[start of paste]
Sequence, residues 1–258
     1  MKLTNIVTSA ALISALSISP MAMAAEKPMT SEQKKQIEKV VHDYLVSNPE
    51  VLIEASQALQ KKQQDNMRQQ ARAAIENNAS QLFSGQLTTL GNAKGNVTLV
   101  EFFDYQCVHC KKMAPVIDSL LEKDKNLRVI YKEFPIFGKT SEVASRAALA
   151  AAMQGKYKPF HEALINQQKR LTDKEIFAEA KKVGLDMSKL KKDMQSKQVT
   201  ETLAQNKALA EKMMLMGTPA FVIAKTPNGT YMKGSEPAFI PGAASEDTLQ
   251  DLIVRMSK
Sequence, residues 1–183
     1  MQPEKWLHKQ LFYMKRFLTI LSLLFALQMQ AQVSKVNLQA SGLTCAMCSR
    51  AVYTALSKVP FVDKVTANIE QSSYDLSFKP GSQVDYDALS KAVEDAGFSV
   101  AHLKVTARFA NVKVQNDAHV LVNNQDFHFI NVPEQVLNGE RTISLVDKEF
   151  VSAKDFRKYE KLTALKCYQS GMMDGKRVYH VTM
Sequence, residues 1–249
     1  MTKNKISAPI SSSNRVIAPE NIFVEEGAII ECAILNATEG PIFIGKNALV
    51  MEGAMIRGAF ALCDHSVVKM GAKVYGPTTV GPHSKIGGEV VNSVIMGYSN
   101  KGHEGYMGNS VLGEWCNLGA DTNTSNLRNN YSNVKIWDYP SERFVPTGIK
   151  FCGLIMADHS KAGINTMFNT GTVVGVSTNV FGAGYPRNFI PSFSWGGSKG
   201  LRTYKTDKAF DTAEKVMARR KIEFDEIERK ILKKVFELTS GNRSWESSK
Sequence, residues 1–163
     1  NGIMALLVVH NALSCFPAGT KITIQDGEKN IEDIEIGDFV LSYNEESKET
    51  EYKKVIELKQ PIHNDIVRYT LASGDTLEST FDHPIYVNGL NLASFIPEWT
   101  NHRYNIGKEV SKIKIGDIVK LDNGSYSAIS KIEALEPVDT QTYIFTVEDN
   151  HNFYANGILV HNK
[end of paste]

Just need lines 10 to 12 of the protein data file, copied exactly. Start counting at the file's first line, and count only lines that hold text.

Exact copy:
    51  AVYTALSKVP FVDKVTANIE QSSYDLSFKP GSQVDYDALS KAVEDAGFSV
   101  AHLKVTARFA NVKVQNDAHV LVNNQDFHFI NVPEQVLNGE RTISLVDKEF
   151  VSAKDFRKYE KLTALKCYQS GMMDGKRVYH VTM